U.S. fishing bycatch wastes 1 million metric tons of fish per year says study
December 1, 2005
A new study shows that for every five pounds of fish caught by U.S. commercial fisheries, one pound is dumped dead, dying and wasted. Each year, U.S. commercial fishing operations throw away more than one million metric tons of fish, an amount equivalent to 28 percent of all commercial landings and more than all of the fish landed on the East and West coasts combined.
The Gulf of Mexico shrimp fishery ranked worst of all, discarding more than 472,000 metric tons, or one billion pounds of fish, nearly half of the total waste in U.S. fisheries.
“At a time when the United States is struggling to restore its valuable commercial fisheries, this sort of waste undermines efforts to recover those depleted resources,” said author Dr. Andrew Rosenberg of the University of New Hampshire and a member of the White House-appointed U.S. Commission on Ocean Policy. “We can and should do better, not just by describing the problem, but by taking the steps needed to reduce wasteful fishing practices.”
The study, Wasted Resources: Bycatch and Discards in U.S. Fisheries [PDF], is the only comprehensive review of dirty fishing or bycatch fish that are caught but dumped overboard because they are not wanted or cannot be kept in American fisheries. Oceana commissioned the study, which is being published in the December issue of the respected scientific journal Fish and Fisheries. It was conducted by Rosenberg, marine scientist Dr. Ransom A. Myers of Dalhousie University, Nova Scotia, and Jennie Harrington of Marine Resources Assessment Group.
Fish threatened by climate change November 18, 2005
Fish are increasingly threatened by the effects of climate change as temperatures rise in rivers, lakes and oceans, says a new WWF report. It says that hotter water means less food, less offspring and even less oxygen for marine and freshwater fish populations.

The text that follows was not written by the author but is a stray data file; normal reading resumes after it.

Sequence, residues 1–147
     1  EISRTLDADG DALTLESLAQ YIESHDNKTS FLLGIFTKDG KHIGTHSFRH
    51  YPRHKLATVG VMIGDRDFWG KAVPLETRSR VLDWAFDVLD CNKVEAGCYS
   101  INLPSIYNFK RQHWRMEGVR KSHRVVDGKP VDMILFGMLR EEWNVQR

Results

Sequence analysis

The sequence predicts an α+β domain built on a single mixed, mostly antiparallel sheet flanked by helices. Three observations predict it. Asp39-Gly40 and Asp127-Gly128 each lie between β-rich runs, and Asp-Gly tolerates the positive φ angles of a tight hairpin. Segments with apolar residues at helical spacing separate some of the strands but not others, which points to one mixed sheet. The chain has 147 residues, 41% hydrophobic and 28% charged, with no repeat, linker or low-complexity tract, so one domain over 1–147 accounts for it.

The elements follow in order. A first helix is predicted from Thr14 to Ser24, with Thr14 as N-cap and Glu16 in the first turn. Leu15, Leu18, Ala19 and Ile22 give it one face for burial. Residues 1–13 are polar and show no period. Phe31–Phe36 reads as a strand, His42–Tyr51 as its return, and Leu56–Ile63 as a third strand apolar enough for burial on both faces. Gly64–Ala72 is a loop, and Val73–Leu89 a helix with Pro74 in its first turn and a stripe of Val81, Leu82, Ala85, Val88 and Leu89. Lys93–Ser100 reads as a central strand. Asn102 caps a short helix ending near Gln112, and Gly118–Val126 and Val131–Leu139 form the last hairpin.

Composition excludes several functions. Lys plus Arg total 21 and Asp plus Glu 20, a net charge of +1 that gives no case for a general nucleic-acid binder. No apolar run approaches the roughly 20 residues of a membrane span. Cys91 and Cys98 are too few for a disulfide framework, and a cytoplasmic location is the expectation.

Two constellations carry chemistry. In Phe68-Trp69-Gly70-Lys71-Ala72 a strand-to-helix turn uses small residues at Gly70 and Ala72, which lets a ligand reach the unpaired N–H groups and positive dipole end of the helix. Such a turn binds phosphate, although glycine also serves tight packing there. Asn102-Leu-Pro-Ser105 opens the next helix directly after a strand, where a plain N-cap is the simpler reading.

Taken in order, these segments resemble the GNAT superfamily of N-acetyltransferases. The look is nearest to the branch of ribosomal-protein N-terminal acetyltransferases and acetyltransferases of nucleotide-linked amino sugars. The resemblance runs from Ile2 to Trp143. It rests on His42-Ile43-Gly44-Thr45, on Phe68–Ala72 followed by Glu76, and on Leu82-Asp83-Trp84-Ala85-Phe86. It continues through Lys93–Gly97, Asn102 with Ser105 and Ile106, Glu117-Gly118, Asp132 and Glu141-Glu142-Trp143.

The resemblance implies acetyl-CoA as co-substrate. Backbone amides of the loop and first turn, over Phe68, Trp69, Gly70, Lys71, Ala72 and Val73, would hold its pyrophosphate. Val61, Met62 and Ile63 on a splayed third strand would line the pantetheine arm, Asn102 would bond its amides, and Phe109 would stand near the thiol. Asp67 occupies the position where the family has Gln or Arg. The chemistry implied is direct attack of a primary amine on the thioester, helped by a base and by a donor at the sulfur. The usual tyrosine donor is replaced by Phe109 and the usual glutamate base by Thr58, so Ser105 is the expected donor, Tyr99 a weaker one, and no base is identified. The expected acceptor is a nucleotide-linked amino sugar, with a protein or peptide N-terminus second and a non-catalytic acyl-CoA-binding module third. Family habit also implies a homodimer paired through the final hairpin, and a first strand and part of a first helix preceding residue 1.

FDA warning on mercury in fish may be misleading consumers August 1, 2005
An EPA/FDA advisory on fish consumption may be misleading to consumers according to an article published today in the THE WALL STREET JOURNAL. The article suggests that “limits set in the advisory may exceed safe levels for some people, judging by a mercury risk assessment that the EPA produced on its own years earlier. The federal advisory said that nursing mothers and women who are pregnant or may become so should eat no more than 12 ounces of chunk light tuna a week.”
Thousands of miles from any human habitation, fishing nets hundreds of meters long and balls of net tens of meters across, lost or abandoned by their former owners but still an environmental hazard, foul huge swaths of the Pacific Ocean. However, the sheer mass of those so-called ghostnets floating freely in waves has come as an unpleasant surprise to NOAA scientists studying the phenomenon.
Where are the fish? Ocean fisheries in trouble May 3, 2005
Talks began in Canada this week aimed at addressing the deteriorating condition of the world’s marine fisheries, but in an atmosphere with little reason for optimism. Past efforts to manage fisheries or control overfishing have largely failed to slow the depletion of marine resources
“When a quarter of everything that is caught is wasted, there will be impacts on the overall health of the oceans,” said Dr. Myers, named in Fortune magazine’s October 2005 issue as one of the world’s top ten people to watch, because of his landmark study that found that 90 percent of the oceans’ “big” fish, like tuna and marlin, have disappeared since the 1950s. “We hope this study wakes up fishery managers to the fact that broad-based action covering all U.S. fisheries is needed to address this problem.”
The study also found that trawl fisheries overwhelmingly account for the discards in U.S. fisheries. The shrimp and fish trawl fisheries are responsible for 78 percent of all discards in U.S. fisheries. The study lists the 12 worst fisheries for discards by weight and by ratio of discards to landings, and most are trawl fisheries that target groundfish species.
“This study demonstrates that the United States is as bad as or worse than the rest of the world’s top fishing nations when it comes to waste,” said Dr. Michael Hirshfield, chief scientist and senior vice president for Oceana. “The United States needs to clean up its act and stop this dirty fishing, as it is required to do by laws passed more than a decade ago.”
The study was conducted using the most recent data publicly available for all federally managed fisheries in the United States. The findings are based on data for 2002 and 2003, with the exception of the Atlantic highly migratory species fishery, for which the most recent available data is from 2001.
Read the Fish and Fisheries Journal Report
This story is derived from an Oceana. This original version appears at Leading Scientists Andrew Rosenberg, Ransom Myers Reveal.